Gerry Canavan

the smartest kid on earth

Posts Tagged ‘revolution

Sunday Morning Links!

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* Somehow this one dropped out of the link post yesterday, but you know it hits all my buttons: Senate Parliamentarian Challenges Key Provisions of Health Bill.

* itshappening.gif. Democrats should be prepared to litigate pardons on every level, in advance. This is good too: Can the President Be Indicted? A Long-Hidden Legal Memo Says Yes. We’re on the Brink of an Authoritarian Crisis. The Crisis Is Upon Us.

Five poll numbers that should make Democrats uneasy. The fire next time. Signs of sanity from Chuck Schumer of all people, who’s been saying such things lately. 6 Months in, Is Trump’s America Living Up to Liberals’ Worst Fears? If Clinton Had Won.

Connecticut mother facing deportation seeks sanctuary in local church.

My Daughter Was Murdered in a Mass Shooting. Then I Was Ordered to Pay Her Killer’s Gun Dealer.

* The Millennials Are the American Earthquake.

* The year is 2525. All life on Earth is extinct. Jared Kushner has just submitted a final corrected SF-86.

* Presenting Anthony Scaramucci’s deleted tweets. Inside Hunt & Fish, where beauties trawl for sugar daddies. One last time. And of course.

* Why does DC Comics hate Superman? It’s bizarre.

Game of Thrones’s Medieval Crap.

* Rhapsody for the Anthropocene.

The Unacknowledged Costs of Academic Travel. Against Academic Conferences. I’m a long-married introvert who doesn’t drink, so if they outlawed conferences I’d probably come out pretty far ahead of the game — but I will say that #notallconferences are like what Matthew describes here: when I give a talk at the specialist conferences I usually go to there’s usually at least 20-30 people in the audience at each panel. (Maybe not at the early morning slot, but…) If panels are being that poorly attended as a rule, it’s likely a problem with the organization of the conference itself. I know my career has benefited a lot from finding out early which conferences were the right ones for me to be attending, and all of the opportunities that have made my career what it is came out of them. So it’s tough for me to say they’re not worth doing.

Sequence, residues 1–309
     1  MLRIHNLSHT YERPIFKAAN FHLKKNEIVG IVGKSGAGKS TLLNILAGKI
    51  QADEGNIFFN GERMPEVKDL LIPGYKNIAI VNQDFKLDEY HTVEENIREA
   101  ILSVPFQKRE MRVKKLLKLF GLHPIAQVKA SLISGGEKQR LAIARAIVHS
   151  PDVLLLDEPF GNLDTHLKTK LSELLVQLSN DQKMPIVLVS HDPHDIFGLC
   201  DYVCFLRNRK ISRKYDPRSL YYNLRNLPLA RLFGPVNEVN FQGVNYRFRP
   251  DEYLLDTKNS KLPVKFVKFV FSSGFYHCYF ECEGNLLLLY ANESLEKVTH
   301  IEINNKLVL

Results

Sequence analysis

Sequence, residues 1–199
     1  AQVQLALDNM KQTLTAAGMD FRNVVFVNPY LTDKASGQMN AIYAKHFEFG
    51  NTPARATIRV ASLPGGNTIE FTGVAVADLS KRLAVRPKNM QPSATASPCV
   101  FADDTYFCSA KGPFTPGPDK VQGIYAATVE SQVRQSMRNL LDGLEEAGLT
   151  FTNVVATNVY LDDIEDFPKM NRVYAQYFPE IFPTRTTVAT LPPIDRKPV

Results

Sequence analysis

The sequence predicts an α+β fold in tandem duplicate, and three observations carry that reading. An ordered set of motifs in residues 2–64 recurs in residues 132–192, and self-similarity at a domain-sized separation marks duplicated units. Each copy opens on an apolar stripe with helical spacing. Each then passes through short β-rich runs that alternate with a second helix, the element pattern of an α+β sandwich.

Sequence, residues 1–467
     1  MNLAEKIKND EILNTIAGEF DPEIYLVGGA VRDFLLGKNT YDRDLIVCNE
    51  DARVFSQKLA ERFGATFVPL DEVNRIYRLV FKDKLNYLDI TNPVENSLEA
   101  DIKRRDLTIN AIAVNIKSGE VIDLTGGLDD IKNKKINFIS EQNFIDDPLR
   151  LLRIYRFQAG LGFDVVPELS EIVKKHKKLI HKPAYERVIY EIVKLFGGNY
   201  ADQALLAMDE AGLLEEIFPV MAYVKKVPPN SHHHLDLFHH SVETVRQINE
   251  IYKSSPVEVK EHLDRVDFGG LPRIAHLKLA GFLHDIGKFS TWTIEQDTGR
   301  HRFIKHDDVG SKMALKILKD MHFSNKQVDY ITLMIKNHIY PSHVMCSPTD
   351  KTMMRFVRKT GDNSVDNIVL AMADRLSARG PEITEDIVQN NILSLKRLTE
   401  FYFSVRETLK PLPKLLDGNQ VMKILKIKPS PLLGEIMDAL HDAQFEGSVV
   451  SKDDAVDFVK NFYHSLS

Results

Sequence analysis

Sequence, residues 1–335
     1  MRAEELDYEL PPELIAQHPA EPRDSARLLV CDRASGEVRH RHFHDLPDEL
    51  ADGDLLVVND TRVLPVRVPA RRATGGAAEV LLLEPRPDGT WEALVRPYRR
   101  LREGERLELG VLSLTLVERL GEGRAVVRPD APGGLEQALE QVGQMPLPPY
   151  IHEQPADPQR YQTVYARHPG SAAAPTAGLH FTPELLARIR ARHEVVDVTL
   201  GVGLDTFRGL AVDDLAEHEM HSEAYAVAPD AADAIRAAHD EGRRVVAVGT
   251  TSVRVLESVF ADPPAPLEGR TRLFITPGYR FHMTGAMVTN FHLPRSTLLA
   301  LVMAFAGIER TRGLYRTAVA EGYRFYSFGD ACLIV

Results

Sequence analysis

* I Studied the Humanities, and Now…

Is the person naming these colors of yarn okay?

* CPS and the New Jane Crow.

Mapped: the United States and Canada at the same latitudes as Europe.

* Cool world history visualization project at chronas.org.

* Adam Roberts previews what everyone says is the best European SF no one in America has ever heard of, Valerian and the City of a Thousand Planets.

* Die old and leave an incredible story.

From this point of view Strange is perhaps the first postcolonial superhero, the first who taught the youth to ‘provincialise the West’, to paraphrase Dipresh Chakrabarty’s slogan.

* 29 minutes from New York to DC is a thing that is never going to happen.

Chipotle Suffers Another Setback As Rats Fall From Restaurant Ceiling. Still, when you’re in the mood, Chipotle can really hit the spot.

* 7 Black Alt-History Projects That Would Be Better Than Confederate.

21 Today: The Rise of Speculative Fiction in Africa, year by year.

* Comic-Con seemed fun this year: Star Trek! Westworld! Stranger Things! Thor! Infinity War! Ready Player One! Ted Chiang! Flashpoint? Even Justice League looks reasonably competent. This seems… important for the sequel? And the dream of the 90s is alive in Captain Marvel.

* Lean in.

July the 5th Be With You Links

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* Coming attractions.